Global lenders want a piece of East Africa’s retail banking market

Wednesday May 18 2022
KCB Group Chairman Andrew Kairu and Rwanda Prime Minister Édouard Ngirente.

KCB Group Chairman Andrew Kairu and Rwanda Prime Minister Édouard Ngirente during the launch of BPR Bank Rwanda PLC in Kigali. PHOTO | FILE


East Africa is becoming fertile hunting ground for foreign banks seeking to explore the booming retail market that has seen KCB and Equity banks assets rise to over Ksh1 trillion ($8.62 billion) each, buoyed by expanding customer numbers and loan books.

Foothold in East Africa

The EastAfrican has learnt that global players are eyeing the regional banking market, with Nigeria’s Access Bank Plc and Egyptian Commercial International Bank (CIB) acquiring Kenyan lenders as launching pads into the seven-member bloc comprising Kenya, Uganda, Tanzania, Burundi, Uganda, South Sudan and the Democratic Republic of Congo.

“The banking model has shown that there is a merit to good expansion. If you are able to expand and grow your balance sheet then you are also able to increase your profitability and East Africa is where the next growth frontier is considered to be,” said Paul Mwai, the Chief Executive of AIB-AXIS Capital Ltd and vice chairman of the Nairobi Securities Exchange (NSE).

A survey conducted by consultancy firm PricewaterhouseCoopers (PwC) in 2019 showed that global lenders were expressing interest in the East African market as local banks become more competitive regionally with their mobile money solutions, agency models and digital platforms that appeal to East Africans.

“With a population growth rate of three percent, and with increasing financial inclusion and uptake of financial services, East Africa’s banking sector is poised to grow substantially and profitably in the years to come,” the survey said.


“Internet and mobile banking are the most popular digital channels offered by banks in the East Africa region, whereas intelligent automated teller machines (ATMs) and cardless services lag behind in all countries other than Rwanda,” it added.

Three Nigerian banks have set a foothold in East Africa.

In 2020, Access Bank Plc, Nigeria’s largest retail bank, more than doubled its investment in its Rwandan subsidiary after acquiring Kenya’s Transnational Bank. Access Bank Plc now owns 75 per cent shareholding in its Rwandan subsidiary, which has eight branches across the country.

With more than 36 million customers across the continent, Access Bank has targeted East Africa’s banking market as part of its five-year plan (2018-2022) that seeks to shore up its retail and wholesale banking business and position the institution as the world’s most respected African bank.

Nigerian banks

Other Nigerian banks operating in the region include United Bank of Africa (UBA) and Guaranty Trust Bank (GT Bank), which acquired 70 per cent shareholding in Kenyan-owned Fina Bank Group in 2013.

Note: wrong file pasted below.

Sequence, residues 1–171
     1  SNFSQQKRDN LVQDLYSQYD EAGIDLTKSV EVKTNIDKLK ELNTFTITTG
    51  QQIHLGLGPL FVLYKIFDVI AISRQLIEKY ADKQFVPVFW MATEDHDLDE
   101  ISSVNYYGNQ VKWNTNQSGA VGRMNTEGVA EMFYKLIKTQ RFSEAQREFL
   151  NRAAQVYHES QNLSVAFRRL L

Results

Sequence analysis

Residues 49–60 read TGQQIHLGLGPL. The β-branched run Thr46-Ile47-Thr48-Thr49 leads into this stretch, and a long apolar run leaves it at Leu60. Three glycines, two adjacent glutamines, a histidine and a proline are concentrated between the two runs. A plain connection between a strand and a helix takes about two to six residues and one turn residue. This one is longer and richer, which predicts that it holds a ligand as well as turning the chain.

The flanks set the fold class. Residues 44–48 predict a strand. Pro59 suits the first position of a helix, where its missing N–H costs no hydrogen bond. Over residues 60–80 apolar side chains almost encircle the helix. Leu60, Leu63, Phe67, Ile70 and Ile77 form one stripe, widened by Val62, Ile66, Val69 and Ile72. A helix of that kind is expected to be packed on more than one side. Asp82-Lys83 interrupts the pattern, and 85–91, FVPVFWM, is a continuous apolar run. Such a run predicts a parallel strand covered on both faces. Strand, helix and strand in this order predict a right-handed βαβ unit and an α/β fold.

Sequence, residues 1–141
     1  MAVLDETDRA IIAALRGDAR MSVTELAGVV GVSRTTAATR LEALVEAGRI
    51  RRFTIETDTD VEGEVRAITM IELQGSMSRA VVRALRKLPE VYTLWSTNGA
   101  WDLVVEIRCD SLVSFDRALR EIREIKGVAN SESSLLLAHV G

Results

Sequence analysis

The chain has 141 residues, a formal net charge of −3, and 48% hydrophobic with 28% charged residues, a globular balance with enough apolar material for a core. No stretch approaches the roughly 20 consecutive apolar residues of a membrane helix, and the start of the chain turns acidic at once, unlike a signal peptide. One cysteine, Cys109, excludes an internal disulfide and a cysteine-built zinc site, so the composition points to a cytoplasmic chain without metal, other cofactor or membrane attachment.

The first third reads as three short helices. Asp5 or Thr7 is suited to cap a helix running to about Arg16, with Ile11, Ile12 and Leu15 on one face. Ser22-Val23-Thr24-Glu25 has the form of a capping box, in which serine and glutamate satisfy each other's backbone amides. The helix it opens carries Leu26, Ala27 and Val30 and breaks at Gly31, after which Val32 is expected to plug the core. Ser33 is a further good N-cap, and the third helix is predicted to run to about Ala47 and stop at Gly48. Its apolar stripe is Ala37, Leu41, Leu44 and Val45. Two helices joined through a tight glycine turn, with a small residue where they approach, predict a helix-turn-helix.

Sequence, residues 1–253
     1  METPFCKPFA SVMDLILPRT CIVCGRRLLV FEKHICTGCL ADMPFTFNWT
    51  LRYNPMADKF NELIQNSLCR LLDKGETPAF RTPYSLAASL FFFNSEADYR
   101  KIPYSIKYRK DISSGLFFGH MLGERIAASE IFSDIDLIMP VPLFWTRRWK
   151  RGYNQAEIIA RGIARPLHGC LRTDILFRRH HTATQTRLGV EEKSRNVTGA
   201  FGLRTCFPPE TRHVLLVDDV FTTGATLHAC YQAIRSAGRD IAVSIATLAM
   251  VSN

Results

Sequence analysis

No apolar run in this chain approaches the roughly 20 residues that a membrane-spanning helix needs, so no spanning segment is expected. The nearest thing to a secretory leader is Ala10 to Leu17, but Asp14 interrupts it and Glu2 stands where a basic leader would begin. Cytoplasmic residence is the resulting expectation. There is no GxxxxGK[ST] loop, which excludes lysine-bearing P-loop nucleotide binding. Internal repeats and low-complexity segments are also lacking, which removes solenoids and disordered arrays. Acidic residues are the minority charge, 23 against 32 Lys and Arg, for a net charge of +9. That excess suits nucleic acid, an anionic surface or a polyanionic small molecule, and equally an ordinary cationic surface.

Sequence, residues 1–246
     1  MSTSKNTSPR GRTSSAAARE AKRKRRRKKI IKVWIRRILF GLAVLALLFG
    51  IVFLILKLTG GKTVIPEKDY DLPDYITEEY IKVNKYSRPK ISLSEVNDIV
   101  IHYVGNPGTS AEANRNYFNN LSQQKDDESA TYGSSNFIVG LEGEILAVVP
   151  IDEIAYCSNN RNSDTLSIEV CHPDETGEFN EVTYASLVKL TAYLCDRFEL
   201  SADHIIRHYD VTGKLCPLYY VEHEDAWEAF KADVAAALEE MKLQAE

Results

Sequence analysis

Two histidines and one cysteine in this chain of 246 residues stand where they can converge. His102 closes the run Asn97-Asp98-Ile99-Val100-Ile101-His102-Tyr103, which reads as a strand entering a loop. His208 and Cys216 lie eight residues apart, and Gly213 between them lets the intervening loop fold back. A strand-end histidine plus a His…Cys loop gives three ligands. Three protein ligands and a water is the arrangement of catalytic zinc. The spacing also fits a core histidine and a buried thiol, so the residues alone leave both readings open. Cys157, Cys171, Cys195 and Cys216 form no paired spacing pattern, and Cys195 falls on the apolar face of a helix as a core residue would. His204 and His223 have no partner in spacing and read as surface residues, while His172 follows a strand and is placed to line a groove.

Egypt’s largest private sector bank by assets – Commercial International Bank (CIB) – is seeking to acquire more banks to strengthen its presence in the East African region and help finance Egyptian investors looking for opportunities in Africa’s fastest growing region.

The lender, with over $27.24 billion worth of assets, acquired a 51 percent stake in Kenyan Mayfair Bank in 2020, viewing the deal as a springboard to the rest of the Africa.

CIB harbours ambition of becoming the region’s banking giant in corporate, SME funding and trade financing.

“East Africa has been identified as the most attractive region for CIB to do business. The region is home to some of the fastest growing economies in the world, while it will also provide a platform for CIB to learn and adopt the strides taken toward digital transformation and financial inclusion,” the lender said.

KCB, whose balance sheet stood at Ksh1.13 trillion ($9.74 billion) during the year ended December 31, 2021, has operations in Kenya, Uganda, Tanzania, Rwanda, Burundi and South Sudan and is in the process of acquiring an undisclosed lender in the DR Congo. It also runs a representative office in Ethiopia.

“The benefits of our regional expansion continue to positively contribute to the KCB’s performance,” said CEO Joshua Oigara.

Equity Group on the other hand, with a Ksh1.3 trillion ($11.2 billion) worth of assets, has presence in six countries including the DR Congo, Kenya, Uganda, Tanzania, South Sudan, Rwanda, and a representative office in Ethiopia.

“The next generation of banks could be much more transactional, such as by being the leaders in payments. Size will also be important; there will be niche players, but those who engage in inclusive mass banking will be the most successful,” said Equity Group CEO James Mwangi.

“Mass banks will provide inclusive services, with proper customer segmentation and delivering specific services to these segments rather than focusing exclusively on a niche within a segment,” he said.

“There is also a sentiment that East Africa and West Africa have got some quite a number of similarities in terms of the demographics and in terms of the services that they offer,” he added.

said the next generation of banks could be much more transactional, such as by being the leaders in payments. But banks that engage in inclusive mass banking will be the most successful.

Currently, the East African banking market is dominated by Kenya’s two largest retail banks, KCB and Equity, with the concluded merger between NIC Bank and Commercial Bank of Africa (CBA) creating the third largest bank.

“KCB will continue exploring and pursuing attractive regional expansion opportunities to enhance our regional participation, accelerate growth and maintain sustainable long-term performance.”